Semi-autonomous agricultural robot seeks out the finest crops for breeding
A semi-autonomous robot for agriculture has been developed that provides real-time data to farmers and plant breeders about the growth and development of crops.
This information can help business in the agriculture sector to identify the genetic traits in plants likely to produce the greatest yields.
Inspired by the autonomous rovers used to search collapsed buildings and other dangerous environments, the agricultural robot is propelled on continuous tracks, or miniature tank treads, which enable it to navigate through dry or muddy fields. Researchers guide it using GPS and a laptop computer.
Traveling between the crop rows, the robot uses hyperspectral, high-definition and thermal cameras, weather monitors and pulsed laser scanners to capture phenotypic information - such as the stem diameter, height and leaf area of each plant - and assess environmental conditions, such as the temperature and moisture content of the soil.
The robot stores the data in its onboard computer and transmits it in real time to the grower’s computer. Scientists use the data to create a 3D reconstruction of each plant, develop predictive models for the plant’s growth and development and estimate the biomass yield for each plant and the entire plot.
“Immediate access to the data is very important for crop breeders in the US,” said Girish Chowdhary, a biological engineering professor with the University of Illinois. “It’s very important for them to see and visualise the data. If the data made is available to the breeder quickly, decisions can be made in time to enhance production.
The researchers are currently using the robot to assess fields of energy sorghum, a crop used in biofuel production, but say the robot would perform equally well with other tall-growing row crops such as corn and wheat and possibly with soybeans before the plant canopy closes.
The robot is a “game changer” for both crop scientists and farmers, automating the labour-intensive phenotyping processes of farming and crop development, said Stephen P. Long, the director of the project.
“For producers, it’s going to accelerate the rate at which we can improve the genetic material. We can now select material much more rapidly and select many more plants as well, so we can eventually deliver to the farmer a far more productive bioenergy crop,” Long said.
“One of the big advances of the last few years is that we can now determine the complete DNA blueprint of each plant. But how do we use that? What we need is to be able to describe a plant as it grows.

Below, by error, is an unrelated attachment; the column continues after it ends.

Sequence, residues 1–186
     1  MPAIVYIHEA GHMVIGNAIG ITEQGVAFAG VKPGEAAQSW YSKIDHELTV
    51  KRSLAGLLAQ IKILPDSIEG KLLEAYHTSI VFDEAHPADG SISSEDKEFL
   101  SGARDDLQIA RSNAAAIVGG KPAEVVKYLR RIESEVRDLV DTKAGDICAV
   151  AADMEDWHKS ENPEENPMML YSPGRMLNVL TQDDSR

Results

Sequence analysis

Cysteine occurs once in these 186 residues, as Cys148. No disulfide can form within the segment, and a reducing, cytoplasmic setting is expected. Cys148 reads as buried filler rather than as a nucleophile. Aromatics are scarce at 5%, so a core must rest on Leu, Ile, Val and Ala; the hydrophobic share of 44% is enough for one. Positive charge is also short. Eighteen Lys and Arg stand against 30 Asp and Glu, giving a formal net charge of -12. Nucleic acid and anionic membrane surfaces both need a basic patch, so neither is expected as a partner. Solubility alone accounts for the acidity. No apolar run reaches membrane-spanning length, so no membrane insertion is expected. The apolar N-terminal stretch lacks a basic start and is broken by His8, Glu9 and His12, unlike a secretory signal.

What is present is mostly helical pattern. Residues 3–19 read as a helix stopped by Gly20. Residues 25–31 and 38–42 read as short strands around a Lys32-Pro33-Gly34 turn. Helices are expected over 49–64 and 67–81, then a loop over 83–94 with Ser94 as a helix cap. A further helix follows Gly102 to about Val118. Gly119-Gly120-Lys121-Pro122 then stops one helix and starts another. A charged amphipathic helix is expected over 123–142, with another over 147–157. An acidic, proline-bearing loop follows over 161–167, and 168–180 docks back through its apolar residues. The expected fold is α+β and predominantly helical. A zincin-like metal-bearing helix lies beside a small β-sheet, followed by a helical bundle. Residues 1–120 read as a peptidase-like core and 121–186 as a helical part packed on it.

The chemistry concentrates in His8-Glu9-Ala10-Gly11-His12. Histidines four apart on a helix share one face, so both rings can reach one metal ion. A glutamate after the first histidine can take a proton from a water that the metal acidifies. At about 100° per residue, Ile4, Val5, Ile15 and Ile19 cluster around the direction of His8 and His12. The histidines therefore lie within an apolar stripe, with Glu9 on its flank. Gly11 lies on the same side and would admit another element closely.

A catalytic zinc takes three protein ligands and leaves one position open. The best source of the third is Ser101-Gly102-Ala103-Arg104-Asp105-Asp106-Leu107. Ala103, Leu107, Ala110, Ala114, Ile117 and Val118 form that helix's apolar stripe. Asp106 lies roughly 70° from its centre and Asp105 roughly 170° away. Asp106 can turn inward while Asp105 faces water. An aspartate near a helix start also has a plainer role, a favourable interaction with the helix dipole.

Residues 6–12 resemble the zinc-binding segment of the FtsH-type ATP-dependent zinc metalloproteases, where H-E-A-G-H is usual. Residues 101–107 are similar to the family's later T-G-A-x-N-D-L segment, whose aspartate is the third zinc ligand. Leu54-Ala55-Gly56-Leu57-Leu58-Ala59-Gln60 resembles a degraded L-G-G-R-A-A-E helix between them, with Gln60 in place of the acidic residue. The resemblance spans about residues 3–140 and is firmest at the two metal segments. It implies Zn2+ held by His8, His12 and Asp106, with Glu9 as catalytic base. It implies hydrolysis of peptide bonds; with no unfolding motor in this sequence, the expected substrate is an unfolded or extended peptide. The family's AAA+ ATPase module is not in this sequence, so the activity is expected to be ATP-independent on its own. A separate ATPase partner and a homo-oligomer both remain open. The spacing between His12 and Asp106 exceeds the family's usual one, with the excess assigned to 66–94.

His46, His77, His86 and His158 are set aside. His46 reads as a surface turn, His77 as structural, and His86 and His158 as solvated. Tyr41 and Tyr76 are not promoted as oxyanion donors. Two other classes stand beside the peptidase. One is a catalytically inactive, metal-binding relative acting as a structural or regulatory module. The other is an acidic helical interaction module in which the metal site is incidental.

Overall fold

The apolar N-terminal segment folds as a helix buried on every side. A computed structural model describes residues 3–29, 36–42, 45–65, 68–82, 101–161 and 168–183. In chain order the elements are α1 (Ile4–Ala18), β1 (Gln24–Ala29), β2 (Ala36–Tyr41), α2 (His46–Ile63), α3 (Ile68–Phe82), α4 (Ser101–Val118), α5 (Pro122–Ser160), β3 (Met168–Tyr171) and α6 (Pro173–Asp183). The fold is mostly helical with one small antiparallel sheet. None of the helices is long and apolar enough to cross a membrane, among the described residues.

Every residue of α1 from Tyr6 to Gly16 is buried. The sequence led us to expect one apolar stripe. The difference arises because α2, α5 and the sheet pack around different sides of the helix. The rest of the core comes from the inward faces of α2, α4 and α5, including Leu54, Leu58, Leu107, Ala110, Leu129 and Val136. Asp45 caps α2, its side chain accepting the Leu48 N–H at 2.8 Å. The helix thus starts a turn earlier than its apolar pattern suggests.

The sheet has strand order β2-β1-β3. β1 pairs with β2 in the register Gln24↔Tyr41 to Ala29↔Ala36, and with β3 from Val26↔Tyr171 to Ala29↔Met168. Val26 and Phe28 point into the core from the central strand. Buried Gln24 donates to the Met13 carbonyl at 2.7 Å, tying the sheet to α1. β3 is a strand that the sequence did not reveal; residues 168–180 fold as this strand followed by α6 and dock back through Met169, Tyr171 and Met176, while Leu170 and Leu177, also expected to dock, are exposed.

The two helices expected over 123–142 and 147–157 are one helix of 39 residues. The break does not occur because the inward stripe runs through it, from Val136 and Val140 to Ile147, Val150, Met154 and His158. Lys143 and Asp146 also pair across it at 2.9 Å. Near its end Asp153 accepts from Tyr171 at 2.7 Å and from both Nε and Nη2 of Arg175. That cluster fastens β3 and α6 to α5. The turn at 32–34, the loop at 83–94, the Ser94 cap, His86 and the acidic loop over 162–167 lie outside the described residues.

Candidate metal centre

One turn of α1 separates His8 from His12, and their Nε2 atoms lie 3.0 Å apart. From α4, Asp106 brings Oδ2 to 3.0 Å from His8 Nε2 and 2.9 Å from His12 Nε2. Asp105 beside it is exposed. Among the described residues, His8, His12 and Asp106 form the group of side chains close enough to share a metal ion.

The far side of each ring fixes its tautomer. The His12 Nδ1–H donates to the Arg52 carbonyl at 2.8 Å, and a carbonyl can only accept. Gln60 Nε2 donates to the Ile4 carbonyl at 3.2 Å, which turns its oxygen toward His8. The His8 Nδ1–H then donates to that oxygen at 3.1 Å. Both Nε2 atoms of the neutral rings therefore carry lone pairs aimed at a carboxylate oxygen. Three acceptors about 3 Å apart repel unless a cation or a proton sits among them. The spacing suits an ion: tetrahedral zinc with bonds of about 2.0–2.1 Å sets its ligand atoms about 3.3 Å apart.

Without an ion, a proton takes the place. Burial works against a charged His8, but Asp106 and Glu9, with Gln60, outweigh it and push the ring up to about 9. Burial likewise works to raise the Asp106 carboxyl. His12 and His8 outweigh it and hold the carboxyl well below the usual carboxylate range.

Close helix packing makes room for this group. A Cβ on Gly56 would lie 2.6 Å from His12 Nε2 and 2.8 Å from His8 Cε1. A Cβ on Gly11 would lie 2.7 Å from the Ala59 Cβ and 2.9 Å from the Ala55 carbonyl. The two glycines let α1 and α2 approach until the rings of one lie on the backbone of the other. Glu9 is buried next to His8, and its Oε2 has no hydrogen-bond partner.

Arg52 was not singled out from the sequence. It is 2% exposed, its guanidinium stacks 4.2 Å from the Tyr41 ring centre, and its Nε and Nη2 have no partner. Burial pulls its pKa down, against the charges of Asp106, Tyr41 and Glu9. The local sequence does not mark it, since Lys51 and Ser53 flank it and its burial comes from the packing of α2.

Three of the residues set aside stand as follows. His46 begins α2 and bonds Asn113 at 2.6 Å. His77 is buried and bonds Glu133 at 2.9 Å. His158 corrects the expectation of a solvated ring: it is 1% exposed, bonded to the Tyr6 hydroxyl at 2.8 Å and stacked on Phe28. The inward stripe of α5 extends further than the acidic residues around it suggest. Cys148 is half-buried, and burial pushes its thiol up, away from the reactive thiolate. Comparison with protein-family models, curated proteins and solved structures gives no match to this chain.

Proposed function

“You could do that perhaps with an army of people, but now the robot can do all of that for you. We can combine the phenotypic information about how the plant’s performing with the genetic blueprint and identify the combination of genes we need to get the best plant possible.”
Chowdhary, whose research focus is field robotics, is modifying the robot’s current design to reduce its width so it can manoeuvre more easily between crop rows. He also plans to install a sensor system for detecting and avoiding obstacles.
To reduce the production costs associated with the robot’s current metal and track construction, Chowdhary’s team is exploring the feasibility of producing some of the components via 3D printing.
“We are targeting a cost to the breeder of $5,000 to $10,000, which means we will have to get the manufacturing cost significantly below that,” Chowdhary said. “An agricultural robot that costs just $5,000 is a totally new concept. Agricultural equipment today typically costs hundreds of thousands of dollars. Bringing the cost of our robot below $5,000 will be in itself a significant achievement for our team.”
Unlike the robots used in factories, agricultural robots must be weather resistant, Chowdary said.
The underlying technologies - the algorithms, the mechanical design and the human-robot interaction devices that provide robustness - are useful in many other industries, including defense, surveillance and scientific exploration.
The team expects to have a prototype built within two years and begin manufacturing thereafter, with the goal of having the robot on the market by 2021.
Last year, a UK team developed an agricultural robot that traverses farmland to root out and destroy weeds.